The Stories of Little Carl

By Math Is Fun, January 1, 2022

Year 1784, Town of Braunschweig, Germany.

It was a hot day. In the town’s elementary school, a hundred or so 7-year-olds were studying in the first grade classroom. It was a typical-sized class of that age. When I say studying, they were reading, talking and mostly making noises. The teacher became impatient while trying to keep the class in order. So he decided to take a different approach. He told the class he would leave them a math problem. They could go outside to play only after they finished the problem.

So he turned to the blackboard, and wrote down:


The teacher wanted to give the little noise-makers a difficult problem for their age to keep them quiet for at least some time. He was satisfied to see the children lower their heads and start to perform the calculations by hand. But then,

One boy raised his hand right away: “I know the answer.”

The teacher thought this was just a typical boy’s behavior when he didn’t know the answer. “Right. what’s your answer, Smarty?”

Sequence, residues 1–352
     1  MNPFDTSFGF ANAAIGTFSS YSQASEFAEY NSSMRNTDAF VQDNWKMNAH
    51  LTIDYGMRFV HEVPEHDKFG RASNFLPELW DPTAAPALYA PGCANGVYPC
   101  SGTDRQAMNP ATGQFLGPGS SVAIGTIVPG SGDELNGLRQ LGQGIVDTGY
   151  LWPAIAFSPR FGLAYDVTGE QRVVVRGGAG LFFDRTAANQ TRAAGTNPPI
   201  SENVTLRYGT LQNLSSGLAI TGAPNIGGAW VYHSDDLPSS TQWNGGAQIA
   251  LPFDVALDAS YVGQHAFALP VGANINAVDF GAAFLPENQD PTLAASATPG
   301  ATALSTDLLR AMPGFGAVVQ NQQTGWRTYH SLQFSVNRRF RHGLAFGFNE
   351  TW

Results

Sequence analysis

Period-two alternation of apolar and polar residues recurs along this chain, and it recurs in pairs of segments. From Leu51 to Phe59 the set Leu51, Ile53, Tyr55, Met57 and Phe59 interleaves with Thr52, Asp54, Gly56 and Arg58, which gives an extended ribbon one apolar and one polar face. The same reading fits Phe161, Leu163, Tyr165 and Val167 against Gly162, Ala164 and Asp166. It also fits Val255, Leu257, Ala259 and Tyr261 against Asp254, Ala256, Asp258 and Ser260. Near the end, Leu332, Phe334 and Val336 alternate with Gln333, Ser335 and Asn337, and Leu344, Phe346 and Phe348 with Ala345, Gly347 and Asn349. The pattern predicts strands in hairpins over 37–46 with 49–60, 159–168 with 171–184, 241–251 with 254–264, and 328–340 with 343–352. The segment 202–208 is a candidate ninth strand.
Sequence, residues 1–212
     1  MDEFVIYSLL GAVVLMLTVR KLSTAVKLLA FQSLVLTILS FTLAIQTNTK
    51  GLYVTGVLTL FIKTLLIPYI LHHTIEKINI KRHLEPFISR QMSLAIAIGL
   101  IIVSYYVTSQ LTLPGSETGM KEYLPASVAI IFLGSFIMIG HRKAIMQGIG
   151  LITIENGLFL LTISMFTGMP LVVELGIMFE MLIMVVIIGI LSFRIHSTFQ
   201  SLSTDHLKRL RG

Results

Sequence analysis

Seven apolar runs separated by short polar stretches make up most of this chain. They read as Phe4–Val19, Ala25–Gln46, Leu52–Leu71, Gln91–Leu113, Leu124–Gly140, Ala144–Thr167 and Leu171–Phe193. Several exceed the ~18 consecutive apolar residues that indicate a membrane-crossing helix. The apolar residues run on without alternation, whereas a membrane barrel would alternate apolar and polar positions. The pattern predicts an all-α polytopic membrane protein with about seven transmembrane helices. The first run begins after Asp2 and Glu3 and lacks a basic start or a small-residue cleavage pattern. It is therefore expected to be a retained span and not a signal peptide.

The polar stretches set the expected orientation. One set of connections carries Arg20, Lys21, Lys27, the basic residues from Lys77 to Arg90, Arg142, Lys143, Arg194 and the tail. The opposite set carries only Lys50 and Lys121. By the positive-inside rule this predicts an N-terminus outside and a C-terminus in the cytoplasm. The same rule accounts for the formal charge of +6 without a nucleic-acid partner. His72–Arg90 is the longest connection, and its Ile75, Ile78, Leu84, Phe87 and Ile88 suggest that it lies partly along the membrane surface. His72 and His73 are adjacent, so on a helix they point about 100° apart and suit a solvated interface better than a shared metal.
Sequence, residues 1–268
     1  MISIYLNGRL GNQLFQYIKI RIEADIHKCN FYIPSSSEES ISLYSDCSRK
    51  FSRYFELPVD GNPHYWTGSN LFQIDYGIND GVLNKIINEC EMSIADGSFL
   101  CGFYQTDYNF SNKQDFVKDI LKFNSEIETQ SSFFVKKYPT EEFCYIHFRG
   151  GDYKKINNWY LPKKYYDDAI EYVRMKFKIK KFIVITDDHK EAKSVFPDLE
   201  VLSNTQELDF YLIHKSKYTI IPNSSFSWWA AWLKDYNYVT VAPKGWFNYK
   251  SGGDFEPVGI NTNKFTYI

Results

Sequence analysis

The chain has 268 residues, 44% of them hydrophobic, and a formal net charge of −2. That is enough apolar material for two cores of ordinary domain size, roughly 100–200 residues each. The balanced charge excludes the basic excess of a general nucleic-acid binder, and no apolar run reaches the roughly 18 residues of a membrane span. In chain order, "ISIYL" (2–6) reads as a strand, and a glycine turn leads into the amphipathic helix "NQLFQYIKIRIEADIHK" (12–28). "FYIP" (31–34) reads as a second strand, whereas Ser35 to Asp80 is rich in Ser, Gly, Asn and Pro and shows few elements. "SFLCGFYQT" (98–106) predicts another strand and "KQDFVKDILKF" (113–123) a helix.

The teacher was very surprised. He still did not believe the boy got the answer so quickly by himself. “Are you sure you are right? How did you get the answer?”.

“If you add the first number 1 and the last number 100, that is 101. Add the second number 2 and the second last number 99, it’s 101 too.”

1 + 100 = 101

2+ 99 = 101

3 + 98 = 101

“There are 100 numbers, so there are 50 pairs. 50 pairs of 101 is 5050.” Said the boy.

The teacher could not hold back his surprise, “What’s your name son?”

“Carl Friedrich Gauss.”

Carl Friedrich Gauss later became one of the greatest mathematicians in history. Many mathematical and physics formulas are named after him. He is sometimes referred to as the Prince of Mathematics.

Another really interesting story about Gauss is that he solved the puzzle of his own birthdate. According to wikipedia, Gauss was born to poor parents. His mother was illiterate and did not record his birthdate. She remembered it was a Wednesday and eight days before the Feast of the Ascension (39 days after Easter). Note Easter is celebrated on the first Sunday after the first full moon after the March equinox. Now do you see the little puzzle here? Gauss solved this by his own calculation.

After I told the stories of Gauss to my son, he was certainly fascinated. So I left him a follow-up question: what’s the answer for 1+2+3+ … + 201?